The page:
Regulations to the Mexican Immigration Law

January 10, 2013
Regulations to the Mexican Immigration Law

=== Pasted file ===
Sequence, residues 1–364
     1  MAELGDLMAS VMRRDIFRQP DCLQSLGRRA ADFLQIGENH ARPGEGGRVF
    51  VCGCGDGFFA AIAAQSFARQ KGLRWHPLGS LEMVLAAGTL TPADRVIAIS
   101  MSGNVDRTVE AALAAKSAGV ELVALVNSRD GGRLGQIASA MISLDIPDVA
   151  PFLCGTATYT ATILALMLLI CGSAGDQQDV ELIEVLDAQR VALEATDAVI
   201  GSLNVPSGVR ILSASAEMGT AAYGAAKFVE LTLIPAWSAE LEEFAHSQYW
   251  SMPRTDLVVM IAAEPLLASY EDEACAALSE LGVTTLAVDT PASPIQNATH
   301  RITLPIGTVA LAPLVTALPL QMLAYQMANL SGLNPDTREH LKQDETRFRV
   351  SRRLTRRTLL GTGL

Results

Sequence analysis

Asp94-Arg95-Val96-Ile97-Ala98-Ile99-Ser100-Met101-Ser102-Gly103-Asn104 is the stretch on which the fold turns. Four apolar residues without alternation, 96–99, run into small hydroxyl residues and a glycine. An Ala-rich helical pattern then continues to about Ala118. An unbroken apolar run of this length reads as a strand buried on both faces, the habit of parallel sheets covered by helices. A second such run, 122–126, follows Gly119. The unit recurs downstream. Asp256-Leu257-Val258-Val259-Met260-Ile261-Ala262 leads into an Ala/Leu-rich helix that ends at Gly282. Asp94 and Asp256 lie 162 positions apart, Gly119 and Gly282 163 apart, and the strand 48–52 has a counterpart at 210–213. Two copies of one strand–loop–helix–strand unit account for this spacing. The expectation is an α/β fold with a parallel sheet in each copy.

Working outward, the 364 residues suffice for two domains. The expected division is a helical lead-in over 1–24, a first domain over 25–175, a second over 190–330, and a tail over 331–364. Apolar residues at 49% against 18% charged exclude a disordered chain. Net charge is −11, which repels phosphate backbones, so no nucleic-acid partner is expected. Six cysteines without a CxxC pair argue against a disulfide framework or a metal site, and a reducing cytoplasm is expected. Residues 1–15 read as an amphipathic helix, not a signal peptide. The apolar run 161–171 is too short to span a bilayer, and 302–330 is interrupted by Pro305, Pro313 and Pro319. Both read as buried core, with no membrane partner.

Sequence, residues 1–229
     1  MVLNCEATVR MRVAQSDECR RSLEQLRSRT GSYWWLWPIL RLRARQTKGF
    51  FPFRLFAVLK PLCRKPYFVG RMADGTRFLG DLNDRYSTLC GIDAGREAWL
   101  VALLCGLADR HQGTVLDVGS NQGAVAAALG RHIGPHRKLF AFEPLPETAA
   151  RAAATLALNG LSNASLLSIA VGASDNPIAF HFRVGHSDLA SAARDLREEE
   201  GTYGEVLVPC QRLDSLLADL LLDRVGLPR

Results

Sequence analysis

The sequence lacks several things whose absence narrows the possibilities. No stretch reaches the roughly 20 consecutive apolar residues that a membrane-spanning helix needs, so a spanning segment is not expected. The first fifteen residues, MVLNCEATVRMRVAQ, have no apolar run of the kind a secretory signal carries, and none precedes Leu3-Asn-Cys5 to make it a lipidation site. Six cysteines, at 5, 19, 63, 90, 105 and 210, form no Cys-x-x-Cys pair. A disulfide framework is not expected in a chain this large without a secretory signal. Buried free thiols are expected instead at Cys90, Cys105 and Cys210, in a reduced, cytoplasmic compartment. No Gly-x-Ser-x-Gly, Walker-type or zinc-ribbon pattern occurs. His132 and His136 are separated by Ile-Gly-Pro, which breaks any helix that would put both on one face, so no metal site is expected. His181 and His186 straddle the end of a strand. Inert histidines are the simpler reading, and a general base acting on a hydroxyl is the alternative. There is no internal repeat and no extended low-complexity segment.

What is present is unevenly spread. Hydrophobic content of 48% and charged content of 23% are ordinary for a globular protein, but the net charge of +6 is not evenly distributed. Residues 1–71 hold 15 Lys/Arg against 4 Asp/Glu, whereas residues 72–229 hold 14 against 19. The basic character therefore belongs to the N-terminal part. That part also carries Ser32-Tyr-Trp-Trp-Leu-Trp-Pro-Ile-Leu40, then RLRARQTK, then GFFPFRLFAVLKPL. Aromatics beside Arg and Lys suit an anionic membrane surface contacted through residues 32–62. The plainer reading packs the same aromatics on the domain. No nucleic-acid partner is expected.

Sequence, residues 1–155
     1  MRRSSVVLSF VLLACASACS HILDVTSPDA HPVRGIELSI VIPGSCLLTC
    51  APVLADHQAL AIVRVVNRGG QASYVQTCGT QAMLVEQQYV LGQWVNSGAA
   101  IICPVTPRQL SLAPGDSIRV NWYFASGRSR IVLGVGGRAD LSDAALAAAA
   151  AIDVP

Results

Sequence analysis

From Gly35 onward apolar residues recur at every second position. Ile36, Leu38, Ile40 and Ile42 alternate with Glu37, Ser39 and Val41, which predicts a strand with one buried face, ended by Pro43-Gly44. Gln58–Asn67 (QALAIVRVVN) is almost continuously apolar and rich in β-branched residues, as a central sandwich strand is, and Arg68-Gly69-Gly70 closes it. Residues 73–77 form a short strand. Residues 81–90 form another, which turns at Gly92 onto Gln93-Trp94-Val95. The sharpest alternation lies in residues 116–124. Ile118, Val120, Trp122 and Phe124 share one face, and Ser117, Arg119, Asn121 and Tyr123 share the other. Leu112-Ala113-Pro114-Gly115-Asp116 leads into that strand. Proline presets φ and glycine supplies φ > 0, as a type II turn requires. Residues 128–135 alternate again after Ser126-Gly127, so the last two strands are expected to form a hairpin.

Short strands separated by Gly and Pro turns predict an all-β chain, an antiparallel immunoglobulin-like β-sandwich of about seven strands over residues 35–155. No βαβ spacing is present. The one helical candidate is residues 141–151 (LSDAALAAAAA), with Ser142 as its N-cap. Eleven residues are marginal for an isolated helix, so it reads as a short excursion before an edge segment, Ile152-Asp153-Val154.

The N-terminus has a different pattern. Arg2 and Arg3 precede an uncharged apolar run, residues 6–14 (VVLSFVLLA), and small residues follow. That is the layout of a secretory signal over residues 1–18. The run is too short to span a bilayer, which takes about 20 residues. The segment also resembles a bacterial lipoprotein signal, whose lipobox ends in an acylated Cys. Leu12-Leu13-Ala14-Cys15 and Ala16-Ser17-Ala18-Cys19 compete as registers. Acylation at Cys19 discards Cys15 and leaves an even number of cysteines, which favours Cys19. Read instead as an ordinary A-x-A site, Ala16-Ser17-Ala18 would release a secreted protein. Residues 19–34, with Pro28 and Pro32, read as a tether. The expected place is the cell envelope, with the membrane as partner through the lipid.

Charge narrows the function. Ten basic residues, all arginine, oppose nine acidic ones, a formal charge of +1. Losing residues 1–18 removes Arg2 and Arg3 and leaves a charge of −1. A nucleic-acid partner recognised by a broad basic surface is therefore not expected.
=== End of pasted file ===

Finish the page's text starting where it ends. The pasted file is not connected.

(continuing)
On September 8, 2012, Regulations to the Mexican Immigration Law (the "Regulations") were published in the Official Journal of the Federation and came into effect on November 9, 2012, giving full effect to the Immigration Law (the "Law") published on May 25, 2011. The Law and its Regulations define the "Immigration Status" of foreigners in the Mexican territory. The Law and Regulations classify Immigration Status as follows: (i) Visitor, to carry out paid or unpaid activities for up to one hundred eighty calendar days, including regional visitors and border visitors; (ii) Temporary Resident, allowing foreigners to reside in Mexico for up to four consecutive years; and (iii) Permanent Resident, allowing foreigners to reside in Mexico for an indefinite time. On November 9, 2012, the resident cards applicable to the status as a Temporary Resident and Permanent Resident came into effect, substituting the cards for Non-Immigrant with Activity for Profit and Immigrant, respectively; however, the existing cards for Non-Immigrant with Activity for Profit and Immigrant will remain in effect until their expiration. Given the new Law and Regulations, it will no longer be possible to change immigration status from Tourist or Business Visitor to the new Temporary Resident or Permanent Resident card at immigration offices in Mexico, except in the case of a Permanent Resident, by exception, if there is a family connection to Mexico. The new proceeding to request a Temporary or Permanent Resident card will occur through petition for entry from the National Immigration Institute. As a result, a foreigner intending to work and receive a salary in Mexico must obtain such authorization prior to entering the country. Once admission is granted, the foreigner must go the Mexican Consular Office of choice for an interview that will determine the issuance of the corresponding visa. Thereafter, the foreigner may enter Mexico with the multiple immigration form (FMM) provided by the airline or received at the port of entry, so that he or she may exchange the FMM for a Temporary or Permanent Resident Card, as applicable, through the National Immigration Institute, within 30 calendar days. Failure to do so will result in the individual being considered an illegal alien in Mexico. The same procedure will apply for family members accompanying the foreigner and their petition can be carried out concurrently or separately, but within the corresponding 30 day period.. Another point worth noting is that Mexican employers must register with the National Immigration Institute for control purposes . Another interesting point is that previously the Permanent Resident (previously known as the immigrant with FM2) status had restrictions in relation to such individual's temporary residence outside of Mexico, which have changed with the new Law and Regulations; consequently, the holder of a Permanent Resident card can enter and exit the country multiple times. On the other hand, a new "point system" is created to serve as an additional criteria element for decisions relating to foreigners wishing to obtain permanent residence in Mexico and who cannot comply with the normal requirements (e.g. relationship to a Mexican, four years of temporary residence, among others). Similarly, it must be noted that the holder of a Resident card has the obligation to notify the National Immigration Institute of a change in marital status, nationality, domicile and place of work, among others. Foreigners are advised to seek advice prior to traveling to Mexico in order to determine the type of immigration document required in their respective case.

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